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Internet advocacy firms raise concerns over proposed changes in IT rules

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Dion Global

05 Feb 2019

Indian internet advocacy firms along with others has voiced concerns over the proposed changes in IT rules for social media and messaging apps, alleging that the draft amendments include vague terminologies and can be a big threat to privacy.

Internet advocacy firms and professionals have shot off a joint letter to Information Technology Secretary Ajay Prakash Sawhney, appealing for a "less invasive" means of regulating internet.

"The draft rules require intermediaries to include a traceability feature to assist law enforcement agencies. Such a traceability requirement could lead to breaking of encryption on apps such as WhatsApp...and this will be a major threat to the privacy rights of citizens," the letter dated January 31 said.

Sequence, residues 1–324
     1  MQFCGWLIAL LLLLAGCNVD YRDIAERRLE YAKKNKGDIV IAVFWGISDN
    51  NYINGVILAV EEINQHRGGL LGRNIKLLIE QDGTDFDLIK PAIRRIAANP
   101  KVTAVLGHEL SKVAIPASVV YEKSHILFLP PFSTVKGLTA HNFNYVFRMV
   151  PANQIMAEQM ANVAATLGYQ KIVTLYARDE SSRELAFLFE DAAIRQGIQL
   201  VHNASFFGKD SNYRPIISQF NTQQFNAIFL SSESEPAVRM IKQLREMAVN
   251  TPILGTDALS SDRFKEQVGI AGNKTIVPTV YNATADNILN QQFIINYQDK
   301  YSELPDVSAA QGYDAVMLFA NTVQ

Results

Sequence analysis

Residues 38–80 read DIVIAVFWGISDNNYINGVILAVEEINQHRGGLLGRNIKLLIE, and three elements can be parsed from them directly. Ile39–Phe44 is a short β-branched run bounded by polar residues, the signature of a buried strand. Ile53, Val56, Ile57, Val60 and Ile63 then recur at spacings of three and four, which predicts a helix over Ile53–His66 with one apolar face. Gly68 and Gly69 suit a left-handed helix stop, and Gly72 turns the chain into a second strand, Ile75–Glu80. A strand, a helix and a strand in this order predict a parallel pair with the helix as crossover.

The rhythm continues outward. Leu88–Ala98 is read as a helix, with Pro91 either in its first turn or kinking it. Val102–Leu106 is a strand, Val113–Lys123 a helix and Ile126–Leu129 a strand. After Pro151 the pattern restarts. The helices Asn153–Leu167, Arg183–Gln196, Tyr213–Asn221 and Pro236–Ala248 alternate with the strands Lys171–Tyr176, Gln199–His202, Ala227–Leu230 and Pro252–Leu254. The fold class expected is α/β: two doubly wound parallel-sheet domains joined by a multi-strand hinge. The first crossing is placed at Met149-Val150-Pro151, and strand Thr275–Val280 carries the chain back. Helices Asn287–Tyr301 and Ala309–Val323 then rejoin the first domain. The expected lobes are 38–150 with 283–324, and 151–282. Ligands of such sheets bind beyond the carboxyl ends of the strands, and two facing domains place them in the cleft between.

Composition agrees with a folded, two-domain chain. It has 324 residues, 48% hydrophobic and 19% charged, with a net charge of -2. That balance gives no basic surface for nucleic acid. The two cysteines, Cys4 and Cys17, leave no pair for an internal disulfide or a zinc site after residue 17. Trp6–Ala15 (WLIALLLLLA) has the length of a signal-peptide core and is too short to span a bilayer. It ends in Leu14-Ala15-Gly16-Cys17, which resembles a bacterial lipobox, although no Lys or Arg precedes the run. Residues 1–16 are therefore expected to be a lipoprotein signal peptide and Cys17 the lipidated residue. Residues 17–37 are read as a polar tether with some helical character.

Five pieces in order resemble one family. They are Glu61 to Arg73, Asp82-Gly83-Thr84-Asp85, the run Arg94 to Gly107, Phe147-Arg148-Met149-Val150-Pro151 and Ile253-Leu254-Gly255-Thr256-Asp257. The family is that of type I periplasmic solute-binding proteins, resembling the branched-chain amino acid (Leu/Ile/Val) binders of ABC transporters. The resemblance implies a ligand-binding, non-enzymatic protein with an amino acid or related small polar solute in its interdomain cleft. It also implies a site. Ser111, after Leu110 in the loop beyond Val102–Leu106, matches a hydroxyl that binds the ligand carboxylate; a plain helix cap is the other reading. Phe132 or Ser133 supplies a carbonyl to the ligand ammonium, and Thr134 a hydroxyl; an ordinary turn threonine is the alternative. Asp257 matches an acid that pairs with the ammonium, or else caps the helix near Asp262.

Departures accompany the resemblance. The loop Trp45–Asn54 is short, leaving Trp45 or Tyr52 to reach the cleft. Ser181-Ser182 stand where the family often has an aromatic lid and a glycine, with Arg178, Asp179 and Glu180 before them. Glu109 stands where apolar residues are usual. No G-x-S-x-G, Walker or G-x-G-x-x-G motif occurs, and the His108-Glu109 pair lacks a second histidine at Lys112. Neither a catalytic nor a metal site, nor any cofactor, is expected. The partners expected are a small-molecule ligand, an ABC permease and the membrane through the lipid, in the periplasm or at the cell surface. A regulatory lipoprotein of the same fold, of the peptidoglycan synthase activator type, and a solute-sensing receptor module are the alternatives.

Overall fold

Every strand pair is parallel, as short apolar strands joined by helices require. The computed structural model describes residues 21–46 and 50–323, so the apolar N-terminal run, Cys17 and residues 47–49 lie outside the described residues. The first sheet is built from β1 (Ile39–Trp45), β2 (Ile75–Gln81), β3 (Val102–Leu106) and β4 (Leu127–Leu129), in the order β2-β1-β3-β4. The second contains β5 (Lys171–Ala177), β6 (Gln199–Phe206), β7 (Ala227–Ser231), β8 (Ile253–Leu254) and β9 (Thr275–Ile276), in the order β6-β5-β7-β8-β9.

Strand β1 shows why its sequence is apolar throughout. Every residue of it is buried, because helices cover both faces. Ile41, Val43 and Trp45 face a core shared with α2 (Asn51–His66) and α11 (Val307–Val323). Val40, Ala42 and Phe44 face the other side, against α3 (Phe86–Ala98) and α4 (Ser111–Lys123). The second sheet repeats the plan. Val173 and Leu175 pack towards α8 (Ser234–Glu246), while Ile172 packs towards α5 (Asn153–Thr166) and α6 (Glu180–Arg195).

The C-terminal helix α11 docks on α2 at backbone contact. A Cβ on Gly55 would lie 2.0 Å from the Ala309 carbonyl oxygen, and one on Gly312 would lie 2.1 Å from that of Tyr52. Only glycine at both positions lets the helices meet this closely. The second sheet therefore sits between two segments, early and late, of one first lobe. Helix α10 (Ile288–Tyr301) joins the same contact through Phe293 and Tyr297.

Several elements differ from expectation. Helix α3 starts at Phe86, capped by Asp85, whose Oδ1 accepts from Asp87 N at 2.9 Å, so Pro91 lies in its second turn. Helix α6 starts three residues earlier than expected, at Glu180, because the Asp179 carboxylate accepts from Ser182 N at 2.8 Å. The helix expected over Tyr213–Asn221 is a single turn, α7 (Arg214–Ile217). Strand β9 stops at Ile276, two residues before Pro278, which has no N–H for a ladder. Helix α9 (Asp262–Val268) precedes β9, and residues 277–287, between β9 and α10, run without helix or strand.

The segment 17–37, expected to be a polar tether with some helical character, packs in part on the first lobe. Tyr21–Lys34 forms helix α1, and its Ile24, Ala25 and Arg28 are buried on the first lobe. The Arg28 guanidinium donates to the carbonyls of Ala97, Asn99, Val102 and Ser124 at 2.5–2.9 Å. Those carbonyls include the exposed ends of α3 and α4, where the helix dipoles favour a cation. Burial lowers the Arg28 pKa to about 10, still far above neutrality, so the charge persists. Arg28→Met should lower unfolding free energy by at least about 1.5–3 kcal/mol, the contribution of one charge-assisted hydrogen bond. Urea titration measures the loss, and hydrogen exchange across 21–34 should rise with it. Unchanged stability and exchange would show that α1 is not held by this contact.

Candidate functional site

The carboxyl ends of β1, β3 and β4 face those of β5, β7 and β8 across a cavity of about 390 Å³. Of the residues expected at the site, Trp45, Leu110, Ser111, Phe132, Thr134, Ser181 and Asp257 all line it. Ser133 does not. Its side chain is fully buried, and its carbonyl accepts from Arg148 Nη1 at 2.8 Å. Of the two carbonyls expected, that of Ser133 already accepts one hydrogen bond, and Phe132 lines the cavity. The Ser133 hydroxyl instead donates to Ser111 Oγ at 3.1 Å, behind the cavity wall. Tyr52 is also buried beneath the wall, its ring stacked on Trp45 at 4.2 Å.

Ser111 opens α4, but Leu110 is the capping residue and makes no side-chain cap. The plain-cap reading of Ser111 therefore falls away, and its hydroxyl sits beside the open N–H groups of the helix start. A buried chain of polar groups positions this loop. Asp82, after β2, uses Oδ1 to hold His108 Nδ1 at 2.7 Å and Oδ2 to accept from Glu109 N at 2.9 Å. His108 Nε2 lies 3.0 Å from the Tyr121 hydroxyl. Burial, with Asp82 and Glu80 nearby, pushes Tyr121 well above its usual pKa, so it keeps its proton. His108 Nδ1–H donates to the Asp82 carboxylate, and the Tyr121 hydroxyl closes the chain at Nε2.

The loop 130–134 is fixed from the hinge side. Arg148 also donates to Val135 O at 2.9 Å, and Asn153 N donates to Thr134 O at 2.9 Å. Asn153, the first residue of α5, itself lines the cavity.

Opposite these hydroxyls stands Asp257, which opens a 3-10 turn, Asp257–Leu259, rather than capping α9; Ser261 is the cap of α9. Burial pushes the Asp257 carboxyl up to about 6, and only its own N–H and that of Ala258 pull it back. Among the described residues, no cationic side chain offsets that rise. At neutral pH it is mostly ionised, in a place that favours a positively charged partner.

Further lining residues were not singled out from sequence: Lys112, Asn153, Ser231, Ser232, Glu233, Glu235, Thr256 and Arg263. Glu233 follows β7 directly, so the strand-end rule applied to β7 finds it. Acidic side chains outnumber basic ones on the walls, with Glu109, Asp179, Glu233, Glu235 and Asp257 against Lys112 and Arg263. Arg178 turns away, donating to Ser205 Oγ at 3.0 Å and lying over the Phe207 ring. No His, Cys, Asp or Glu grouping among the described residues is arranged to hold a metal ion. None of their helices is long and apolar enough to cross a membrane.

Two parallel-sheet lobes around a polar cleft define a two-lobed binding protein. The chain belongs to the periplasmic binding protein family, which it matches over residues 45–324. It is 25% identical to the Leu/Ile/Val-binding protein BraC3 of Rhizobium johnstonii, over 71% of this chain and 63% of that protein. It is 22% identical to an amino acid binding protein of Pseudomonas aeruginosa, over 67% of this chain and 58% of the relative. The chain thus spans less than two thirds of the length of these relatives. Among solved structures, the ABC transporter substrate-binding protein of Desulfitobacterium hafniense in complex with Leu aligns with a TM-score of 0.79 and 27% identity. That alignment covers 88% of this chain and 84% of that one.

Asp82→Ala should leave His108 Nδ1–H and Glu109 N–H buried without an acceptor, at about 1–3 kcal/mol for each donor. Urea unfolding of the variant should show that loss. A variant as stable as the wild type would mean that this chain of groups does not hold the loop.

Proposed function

It said the draft rules, despite being targeted on social media platforms and messaging applications, would apply equally to all intermediaries involved in transmission and facilitating service of internet which will lead to disproportionate use of government regulation.

Citing a Supreme Court order which struck down Section 66A of the IT Act 2000 for vagueness of terms like offensive, menacing and dangerous, among other reasons, the letter said similar vague terms as grossly, harmful, harassing and hateful exist in the draft amendments as well.

The letter said as per the draft, intermediaries are required to deploy deeply automated tools for proactively filtering unlawful content on their platforms.

This would result in pre-censorship regime, violating the right to free speech and expression, where artificial intelligence would crawl through social media to filter and remove content which it deems 'unlawful', the letter said.

"While being cognizant of national security interests, we appeal for less invasive and proportional means of regulation of the internet," it said.

The letter was signed by entities like Digital Empowerment Foundation, Free Software Foundation Tamil Nadu, Free Software Movement of India, Internet Democracy Project, Software Freedom Law Centre, India , IT for Change, besides bloggers, online journalists and academicians.

The draft rules have been now closed for public comments but counter comments can be given till February 14.